HTC’s blockchain phone Exodus 1 is getting about 20 new apps, including a personal tracker that can sell your data for cryptocurrencyand the Opera Opera Browser for privacy while browsing on the device.
HTC also announced that the crypto-friendly phone will go on sale in Fiat currency at a price of $699 in the United States and in local prices globally. This is in addition to its original purchase options of BTC, ETH and LTC. In addition, through a new partnership with Binance, you can also purchase your EXODUS 1 using BNB.
Since the launch of Early Access sales, the EXODUS 1 has received the support and validation of the crypto community and leaders within it, including Vitalik Buterin and Glen Weyl. Following that, the EXODUS 1 is now expanding its reach to non-crypto natives who want to explore the new internet and the security and possibilities it brings.
Starting today, EXODUS 1 users can update their device over-the-air to take advantage of the new decentralized web.
“EXODUS is about the future of data and getting the right architecture for the Internet, one that includes security, privacy and transfer of ownership of data back to the person generating it," said Phil Chen, Decentralized Chief Officer at HTC.
HTC says that the decentralized web will allow users to protect and secure their own data by providing more transparent peer to peer services, removing the middlemen that used to benefit from holding their information. "We are now able to own our own profile and associated digital assets across platforms and even get incentivized to share selected information. This decentralized movement will revolutionize how we manage people’s data and also allow the creation of new business models that do not rely on the storage and exploitation of users information," the company says.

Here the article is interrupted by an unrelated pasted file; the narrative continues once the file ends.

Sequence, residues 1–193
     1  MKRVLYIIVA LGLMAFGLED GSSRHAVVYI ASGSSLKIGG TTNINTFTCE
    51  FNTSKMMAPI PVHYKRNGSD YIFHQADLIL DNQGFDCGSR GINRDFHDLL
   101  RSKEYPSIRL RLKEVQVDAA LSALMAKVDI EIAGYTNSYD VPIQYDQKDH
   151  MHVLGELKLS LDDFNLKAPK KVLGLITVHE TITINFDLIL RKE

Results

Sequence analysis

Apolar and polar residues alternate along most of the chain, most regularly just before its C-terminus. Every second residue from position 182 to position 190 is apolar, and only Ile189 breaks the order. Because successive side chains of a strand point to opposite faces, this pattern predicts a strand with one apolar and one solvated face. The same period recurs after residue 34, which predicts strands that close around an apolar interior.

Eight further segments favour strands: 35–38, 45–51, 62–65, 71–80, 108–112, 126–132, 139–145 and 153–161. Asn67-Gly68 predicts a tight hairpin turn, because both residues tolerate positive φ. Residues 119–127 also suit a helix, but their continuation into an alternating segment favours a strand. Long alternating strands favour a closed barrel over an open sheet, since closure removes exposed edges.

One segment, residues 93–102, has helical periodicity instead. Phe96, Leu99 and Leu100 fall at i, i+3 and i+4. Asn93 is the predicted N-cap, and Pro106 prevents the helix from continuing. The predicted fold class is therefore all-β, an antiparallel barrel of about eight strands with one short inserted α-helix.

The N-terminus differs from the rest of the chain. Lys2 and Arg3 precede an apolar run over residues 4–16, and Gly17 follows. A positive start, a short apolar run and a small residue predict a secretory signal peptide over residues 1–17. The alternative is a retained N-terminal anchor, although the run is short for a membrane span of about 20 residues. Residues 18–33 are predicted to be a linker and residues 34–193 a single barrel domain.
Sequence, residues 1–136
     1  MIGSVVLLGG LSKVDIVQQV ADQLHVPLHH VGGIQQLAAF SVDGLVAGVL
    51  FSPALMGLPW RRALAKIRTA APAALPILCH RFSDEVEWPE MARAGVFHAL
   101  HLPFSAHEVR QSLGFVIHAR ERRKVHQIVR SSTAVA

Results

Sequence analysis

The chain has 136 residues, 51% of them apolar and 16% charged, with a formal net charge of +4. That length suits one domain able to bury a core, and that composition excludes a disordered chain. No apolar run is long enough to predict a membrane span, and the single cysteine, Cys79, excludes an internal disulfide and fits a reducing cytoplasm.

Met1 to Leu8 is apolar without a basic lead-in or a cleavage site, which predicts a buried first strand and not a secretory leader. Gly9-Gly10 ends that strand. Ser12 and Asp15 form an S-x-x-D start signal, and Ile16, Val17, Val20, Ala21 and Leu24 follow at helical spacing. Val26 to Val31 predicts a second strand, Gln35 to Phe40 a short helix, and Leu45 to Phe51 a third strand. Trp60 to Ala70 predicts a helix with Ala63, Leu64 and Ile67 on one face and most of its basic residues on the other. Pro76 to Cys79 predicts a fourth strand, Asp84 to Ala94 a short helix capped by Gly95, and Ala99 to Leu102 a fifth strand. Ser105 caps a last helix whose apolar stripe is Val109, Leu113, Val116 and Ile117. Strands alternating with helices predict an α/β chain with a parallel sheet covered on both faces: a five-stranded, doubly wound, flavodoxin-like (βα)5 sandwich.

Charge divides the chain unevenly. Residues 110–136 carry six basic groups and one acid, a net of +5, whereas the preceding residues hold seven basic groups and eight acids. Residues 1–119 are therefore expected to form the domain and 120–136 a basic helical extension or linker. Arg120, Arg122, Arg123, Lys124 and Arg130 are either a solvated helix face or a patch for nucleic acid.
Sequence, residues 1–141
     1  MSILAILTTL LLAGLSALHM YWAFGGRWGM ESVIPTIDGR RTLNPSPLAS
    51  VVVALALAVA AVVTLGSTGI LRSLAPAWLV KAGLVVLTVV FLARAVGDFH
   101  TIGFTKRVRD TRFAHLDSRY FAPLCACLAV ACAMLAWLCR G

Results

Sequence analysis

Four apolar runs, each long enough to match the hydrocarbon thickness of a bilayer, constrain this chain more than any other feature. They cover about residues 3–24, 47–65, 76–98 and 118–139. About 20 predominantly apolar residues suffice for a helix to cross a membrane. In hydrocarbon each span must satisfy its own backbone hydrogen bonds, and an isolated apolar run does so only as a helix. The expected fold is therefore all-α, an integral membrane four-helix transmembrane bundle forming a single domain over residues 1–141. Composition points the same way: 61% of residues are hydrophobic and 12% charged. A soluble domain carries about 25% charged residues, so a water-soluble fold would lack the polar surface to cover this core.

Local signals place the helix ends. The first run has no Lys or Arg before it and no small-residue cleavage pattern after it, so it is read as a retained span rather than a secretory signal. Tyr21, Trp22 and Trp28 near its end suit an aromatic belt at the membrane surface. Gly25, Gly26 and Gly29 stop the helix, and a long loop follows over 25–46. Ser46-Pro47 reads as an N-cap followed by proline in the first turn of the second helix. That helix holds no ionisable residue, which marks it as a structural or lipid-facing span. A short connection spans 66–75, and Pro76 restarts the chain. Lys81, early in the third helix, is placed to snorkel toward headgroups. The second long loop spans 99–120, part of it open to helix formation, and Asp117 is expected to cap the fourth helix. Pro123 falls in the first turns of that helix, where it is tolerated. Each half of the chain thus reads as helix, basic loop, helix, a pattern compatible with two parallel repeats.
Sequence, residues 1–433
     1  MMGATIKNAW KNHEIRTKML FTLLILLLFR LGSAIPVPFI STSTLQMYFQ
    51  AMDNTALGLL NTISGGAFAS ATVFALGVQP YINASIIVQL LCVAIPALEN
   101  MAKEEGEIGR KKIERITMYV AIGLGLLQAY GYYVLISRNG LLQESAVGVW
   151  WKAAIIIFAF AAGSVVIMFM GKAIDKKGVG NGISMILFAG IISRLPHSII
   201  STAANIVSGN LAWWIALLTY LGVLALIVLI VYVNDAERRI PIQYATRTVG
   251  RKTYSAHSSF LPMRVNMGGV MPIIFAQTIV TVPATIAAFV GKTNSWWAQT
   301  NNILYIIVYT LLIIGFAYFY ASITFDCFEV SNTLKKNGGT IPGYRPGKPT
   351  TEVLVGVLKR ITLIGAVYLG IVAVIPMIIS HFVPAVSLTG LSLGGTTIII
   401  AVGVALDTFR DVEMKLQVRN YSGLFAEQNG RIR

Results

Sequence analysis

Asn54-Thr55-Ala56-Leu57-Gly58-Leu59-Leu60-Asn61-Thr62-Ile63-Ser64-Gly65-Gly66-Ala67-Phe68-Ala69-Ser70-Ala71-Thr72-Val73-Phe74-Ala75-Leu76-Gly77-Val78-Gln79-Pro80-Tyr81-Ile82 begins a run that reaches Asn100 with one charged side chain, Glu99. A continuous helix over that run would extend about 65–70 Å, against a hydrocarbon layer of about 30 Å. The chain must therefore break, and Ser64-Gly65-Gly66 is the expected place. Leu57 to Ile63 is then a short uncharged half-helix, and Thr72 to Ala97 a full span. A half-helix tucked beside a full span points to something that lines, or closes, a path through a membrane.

To support the Web 3.0 movement, the EXODUS team is releasing the Zion Key Management API to selected partners with a focus on protecting user data.
Opera is the first organisation to take advantage of the API. This means that Opera users can enjoy the added security to their crypto assets on the EXODUS 1 and interact, transact with and login to services directly using their private keys held securely on their device.
An example of using Opera with the Zion wallet includes being able to make direct micropayments to content websites, which has the potential to reshape the face of journalism and create a new, content centred revenue stream away from the hands of controlling tech giants and click chasing advertising models.
Zion, a private vault on the blockchain, allows users to conduct crypto transactions, view and manage their crypto collectibles, and manage their crypto life while maintaining ownership of their keys. With Zion wallet, users can store, send, and request bitcoin, ether, litecoin, selected ERC-20 tokens, and ERC-721 collectibles.
In addition, the HTC Exodus phone now has access to a number of new decentralized apps (“Dapps”), which live in an app store that isn’t managed by any specific company, that specifically take advantage of the phone’s hardware. For example, an app called Numbers, tracks user data on walking, sleeping, driving, and more, then allows you to sell your own data to third parties. The app displays what type of data your phone can track, as well as a list of companies interested in that data.
The Numbers app is aimed at bringing more transparency around data collection and allowing users to make money — in cryptocurrency — off their own data. Besides giving users control over their data collection, the Numbers Dapp is also supposed to potentially benefit users by lowering their car or health insurance if positive data is recorded about their driving or walking habits, says Chen.
The Exodus 1 runs Android 8.0 Oreo OS. It is powered by a Qualcomm 845 processor; supports 4G mobile networks; has a 6-inch screen; 128GB of storage; 6GB of memory; 12-megapixel and 16-megapixel dual rear cameras; 8MP dual front camera; and a 3,500mAh battery.